One of the best reasons to study abroad in New Zealand is the long break that students get in the middle of each semester. Two weeks is standard, but spring break here at the University of Canterbury is three weeks, and it’s going on now.
Back when I had a girlfriend in California, the plan had been to fly home and visit her. After we broke up last month, it took me a long time to decide what to do with my already purchased plane tickets.
My first thought was to fly home and stay with my parents instead. They would have been happy to have me, and I had reason to visit. Besides getting to see family and friends, I could have finally replaced my lost driver license, something that has been a limiting factor here in New Zealand.
Going home would have been the safe, familiar choice. That’s why I gravitated toward it initially. But as the days passed and the time for a decision drew nearer, I realized what a missed opportunity that would be.
The comforts of home can wait. This is probably the only time in my life I will have three weeks’ vacation in New Zealand, and there’s still so much of this spectacular country I haven’t seen. With only hours to spare, I cancelled my plane tickets for a partial refund.
By the time you read this, I will be on a thousand-mile road trip with my German flatmate, Marius. I’m lucky that he recently bought a camper van for this purpose, and that he hadn’t yet found a travel companion.
Ordinarily, I would feel the need to meticulously plan for a trip like this, a trait I get from my dad and that was reinforced during my four years in the Marine Corps. For this trip, however, I think it’s important that I not overthink it. This semester, I’m learning to accept that it’s impossible to plan for everything. Even if it were possible, I’m not sure that I’d want to. Proper preparation reduces the risks involved, but it also takes away from the fun and adventure. Knowing what’s going to be around every corner makes for a sterile experience.
I credit my cycling for teaching me this life lesson. Despite a pair of recent rainstorms, I’ve now put 400 miles on my bicycle. I’m closing in on my goal of riding through every square kilometer of Christchurch and its suburbs. I carefully plan each ride to cover as much new ground as possible, but once I’m out on the road, I allow myself to detour if I see something interesting. Whether I’m on the predetermined route or wandering impulsively, I find that my best memories are unplanned.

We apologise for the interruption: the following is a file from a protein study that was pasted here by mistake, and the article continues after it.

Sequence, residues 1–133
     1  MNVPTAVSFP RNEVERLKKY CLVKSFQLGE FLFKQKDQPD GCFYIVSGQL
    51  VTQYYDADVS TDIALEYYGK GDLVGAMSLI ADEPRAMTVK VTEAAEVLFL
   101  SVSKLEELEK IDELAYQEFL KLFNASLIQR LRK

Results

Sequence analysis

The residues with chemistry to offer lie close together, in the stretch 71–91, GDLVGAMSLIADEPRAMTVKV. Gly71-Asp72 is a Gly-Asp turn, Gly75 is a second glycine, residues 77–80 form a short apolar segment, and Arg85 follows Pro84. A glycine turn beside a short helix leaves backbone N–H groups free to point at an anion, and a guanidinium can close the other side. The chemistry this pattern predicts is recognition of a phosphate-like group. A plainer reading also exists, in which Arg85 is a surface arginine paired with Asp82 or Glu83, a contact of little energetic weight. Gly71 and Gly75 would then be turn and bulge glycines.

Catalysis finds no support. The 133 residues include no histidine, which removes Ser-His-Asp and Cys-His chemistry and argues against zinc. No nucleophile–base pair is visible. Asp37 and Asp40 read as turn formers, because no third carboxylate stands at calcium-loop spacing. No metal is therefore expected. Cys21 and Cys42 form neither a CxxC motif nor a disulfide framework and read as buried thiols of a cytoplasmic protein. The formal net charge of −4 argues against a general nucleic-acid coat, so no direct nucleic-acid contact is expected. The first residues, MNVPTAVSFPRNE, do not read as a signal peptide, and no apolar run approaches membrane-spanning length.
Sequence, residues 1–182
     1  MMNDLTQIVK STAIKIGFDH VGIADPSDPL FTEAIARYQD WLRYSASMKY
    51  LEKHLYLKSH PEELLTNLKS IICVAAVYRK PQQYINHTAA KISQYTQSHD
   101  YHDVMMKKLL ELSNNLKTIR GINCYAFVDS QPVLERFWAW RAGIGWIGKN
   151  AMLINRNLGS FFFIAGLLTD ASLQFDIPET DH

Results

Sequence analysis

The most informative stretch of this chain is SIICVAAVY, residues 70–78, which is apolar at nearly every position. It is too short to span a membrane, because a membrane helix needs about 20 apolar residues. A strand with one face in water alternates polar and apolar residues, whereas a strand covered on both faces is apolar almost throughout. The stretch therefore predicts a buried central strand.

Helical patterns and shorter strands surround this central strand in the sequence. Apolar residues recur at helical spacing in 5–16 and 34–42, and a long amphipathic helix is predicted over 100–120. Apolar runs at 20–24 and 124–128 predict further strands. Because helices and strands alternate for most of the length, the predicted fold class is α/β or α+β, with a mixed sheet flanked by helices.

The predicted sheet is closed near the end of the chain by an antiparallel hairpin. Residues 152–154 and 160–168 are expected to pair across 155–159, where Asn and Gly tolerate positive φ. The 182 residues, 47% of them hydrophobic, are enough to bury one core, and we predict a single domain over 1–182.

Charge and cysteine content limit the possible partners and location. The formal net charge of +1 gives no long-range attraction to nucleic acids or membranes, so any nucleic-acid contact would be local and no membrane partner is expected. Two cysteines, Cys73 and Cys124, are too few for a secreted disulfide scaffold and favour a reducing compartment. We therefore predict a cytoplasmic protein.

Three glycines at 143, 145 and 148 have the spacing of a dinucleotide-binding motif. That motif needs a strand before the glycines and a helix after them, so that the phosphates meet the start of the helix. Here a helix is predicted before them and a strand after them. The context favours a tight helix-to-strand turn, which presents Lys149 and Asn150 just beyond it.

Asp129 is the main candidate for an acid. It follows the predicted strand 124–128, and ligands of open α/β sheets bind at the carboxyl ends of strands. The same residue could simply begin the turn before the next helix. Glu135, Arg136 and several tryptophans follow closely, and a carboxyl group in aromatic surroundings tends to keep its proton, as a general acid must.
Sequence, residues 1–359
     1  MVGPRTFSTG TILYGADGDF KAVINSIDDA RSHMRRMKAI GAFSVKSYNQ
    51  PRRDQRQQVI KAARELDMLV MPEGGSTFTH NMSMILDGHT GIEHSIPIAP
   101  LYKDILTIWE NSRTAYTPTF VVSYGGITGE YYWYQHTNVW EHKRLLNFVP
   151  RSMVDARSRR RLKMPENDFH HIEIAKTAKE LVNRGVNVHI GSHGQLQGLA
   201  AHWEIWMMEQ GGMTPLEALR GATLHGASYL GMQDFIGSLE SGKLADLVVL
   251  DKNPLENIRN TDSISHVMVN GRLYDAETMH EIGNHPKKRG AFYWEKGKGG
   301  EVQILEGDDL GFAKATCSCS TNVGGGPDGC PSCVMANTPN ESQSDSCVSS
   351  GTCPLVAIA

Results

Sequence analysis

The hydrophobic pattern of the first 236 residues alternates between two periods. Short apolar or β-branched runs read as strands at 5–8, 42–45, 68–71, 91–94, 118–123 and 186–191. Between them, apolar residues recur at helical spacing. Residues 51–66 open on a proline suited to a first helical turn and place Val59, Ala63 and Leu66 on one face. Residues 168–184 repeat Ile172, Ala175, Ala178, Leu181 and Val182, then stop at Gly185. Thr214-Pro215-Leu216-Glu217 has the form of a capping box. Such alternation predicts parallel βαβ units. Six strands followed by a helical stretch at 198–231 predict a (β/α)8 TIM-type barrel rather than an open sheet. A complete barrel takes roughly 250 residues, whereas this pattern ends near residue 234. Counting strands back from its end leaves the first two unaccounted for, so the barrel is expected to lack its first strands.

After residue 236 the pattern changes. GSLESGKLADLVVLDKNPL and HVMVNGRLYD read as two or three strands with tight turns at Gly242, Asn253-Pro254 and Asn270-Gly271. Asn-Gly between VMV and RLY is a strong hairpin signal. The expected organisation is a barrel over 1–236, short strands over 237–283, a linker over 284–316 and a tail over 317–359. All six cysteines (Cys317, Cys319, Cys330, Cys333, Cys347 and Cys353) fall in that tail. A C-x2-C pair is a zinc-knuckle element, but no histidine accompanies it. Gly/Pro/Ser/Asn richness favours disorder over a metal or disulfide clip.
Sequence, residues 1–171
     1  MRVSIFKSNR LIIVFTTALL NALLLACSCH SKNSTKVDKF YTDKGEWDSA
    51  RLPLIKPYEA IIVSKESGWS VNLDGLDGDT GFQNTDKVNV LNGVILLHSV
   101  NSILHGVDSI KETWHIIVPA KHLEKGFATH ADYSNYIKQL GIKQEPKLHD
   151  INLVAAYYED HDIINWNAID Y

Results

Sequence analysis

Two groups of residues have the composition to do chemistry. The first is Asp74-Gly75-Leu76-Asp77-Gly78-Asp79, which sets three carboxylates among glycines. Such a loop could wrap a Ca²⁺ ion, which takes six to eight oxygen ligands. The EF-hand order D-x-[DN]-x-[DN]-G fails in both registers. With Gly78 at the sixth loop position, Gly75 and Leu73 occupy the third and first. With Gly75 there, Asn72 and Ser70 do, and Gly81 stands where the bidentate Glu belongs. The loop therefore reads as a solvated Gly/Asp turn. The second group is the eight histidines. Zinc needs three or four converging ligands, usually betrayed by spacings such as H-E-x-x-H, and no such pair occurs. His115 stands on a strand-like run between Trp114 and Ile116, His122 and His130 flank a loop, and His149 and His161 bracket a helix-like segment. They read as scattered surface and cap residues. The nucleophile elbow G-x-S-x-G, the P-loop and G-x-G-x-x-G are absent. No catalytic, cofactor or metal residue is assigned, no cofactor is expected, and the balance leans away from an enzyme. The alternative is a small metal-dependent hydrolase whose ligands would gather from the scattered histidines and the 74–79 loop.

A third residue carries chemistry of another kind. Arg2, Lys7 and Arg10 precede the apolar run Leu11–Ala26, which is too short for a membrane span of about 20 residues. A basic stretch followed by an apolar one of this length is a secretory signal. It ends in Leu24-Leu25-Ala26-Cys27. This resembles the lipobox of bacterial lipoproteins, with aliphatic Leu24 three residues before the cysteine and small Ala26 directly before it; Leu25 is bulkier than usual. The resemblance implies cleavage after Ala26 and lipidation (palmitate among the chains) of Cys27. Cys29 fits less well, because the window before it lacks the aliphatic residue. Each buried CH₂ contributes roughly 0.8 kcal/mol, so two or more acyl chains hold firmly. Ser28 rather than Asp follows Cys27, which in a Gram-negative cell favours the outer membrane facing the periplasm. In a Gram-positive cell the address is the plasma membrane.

For example, roadwork often forces me to deviate from my route, but I love the challenge of having to find a way around it. The most creative solution I once found was to carry my bike through an adjacent cemetery, then squeeze through a fence to get back on track.
On another ride, I was passed by a portable building that was being towed by a slow-moving car. I sprinted to catch up, then drafted behind it, coasting for several hundred meters before it turned off the road.
One day, riding back from the farmlands north of the city, my route was cut off by a flooded road. Rather than turn around, I decided to pedal through the shin-deep water. It was unpleasant at the time, but it makes me smile to think back on it now.
The best rides have multiple surprises. A couple Sundays ago I stumbled upon an old outdoor cycling track. There was no one around, so I took it for a spin! Then, back on the road, miles later, I chased after a convoy of classic cars until I found the show where they were gathering.
All these unexpected encounters have happened in the few weeks since my last blog post. Just like the improvements to my social life I wrote about then, again I am learning to embrace uncertain situations for the new experiences they offer.
Wanting to be more relaxed and accepting of the unknown is what convinced me to spend my break in New Zealand, and it’s the same approach Marius and I have agreed to have on our road trip. We have a general plan, but nothing is set in stone. We’ll figure out the details as we go! For the first time in a long time, that suits me just fine. I’m finally learning to let go.